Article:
Predictors of Failure of Noninvasive Ventilation in Critically Ill Children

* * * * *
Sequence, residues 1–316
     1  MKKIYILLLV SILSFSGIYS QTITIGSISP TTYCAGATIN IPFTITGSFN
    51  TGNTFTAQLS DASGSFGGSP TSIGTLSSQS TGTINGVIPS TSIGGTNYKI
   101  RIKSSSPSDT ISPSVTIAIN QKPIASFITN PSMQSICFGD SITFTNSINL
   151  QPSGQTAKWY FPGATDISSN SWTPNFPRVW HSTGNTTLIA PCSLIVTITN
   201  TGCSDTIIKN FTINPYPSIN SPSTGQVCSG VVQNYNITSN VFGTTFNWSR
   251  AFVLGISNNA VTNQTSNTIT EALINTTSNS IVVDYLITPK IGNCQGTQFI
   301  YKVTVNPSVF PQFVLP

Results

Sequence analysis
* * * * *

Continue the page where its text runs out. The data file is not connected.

AbstractNoninvasive ventilation (NIV) is a common modality employed to treat acute respiratory failure. Most data guiding its use is extrapolated from adult studies. We sought to identify clinical predictors associated with failure of NIV, defined as requiring intubation. This single-center retrospective observational study included children admitted to pediatric intensive care unit (PICU) between July 2014 and June 2016 treated with NIV, excluding postextubation. A total of 148 patients was included. Twenty-seven (18%) failed NIV. There was no difference between the two groups with regard to age, gender, comorbidities, or etiology of acute respiratory failure. Those that failed had higher admission pediatric risk of mortality (p = 0.01) and pediatric logistic organ dysfunction (p = 0.002) scores and higher fraction of inspired oxygen (FiO2; p = 0.009) at NIV initiation. Failure was associated with lack of improvement in tachypnea. At 6 hours of NIV, the failure group had worsening tachypnea with a median increase in respiratory rate of 8%, while the success group had a median reduction of 18% (p = 0.06). Multivariable Cox's proportional hazard models revealed FiO2 at initiation and worsening respiratory rate at 1- and 6-hour significant risks for failure of NIV. Failure was associated with a significantly longer PICU length of stay (success [2.8 days interquartile range (IQR): 1.7, 5.5] vs. failure [10.6 days IQR: 5.6, 13.2], p < 0.001). NIV can be successfully employed to treat acute respiratory failure in pediatric patients. There should be heightened concern for NIV failure in hypoxemic patients whose tachypnea is unresponsive to NIV. A trend toward improvement should be closely monitored.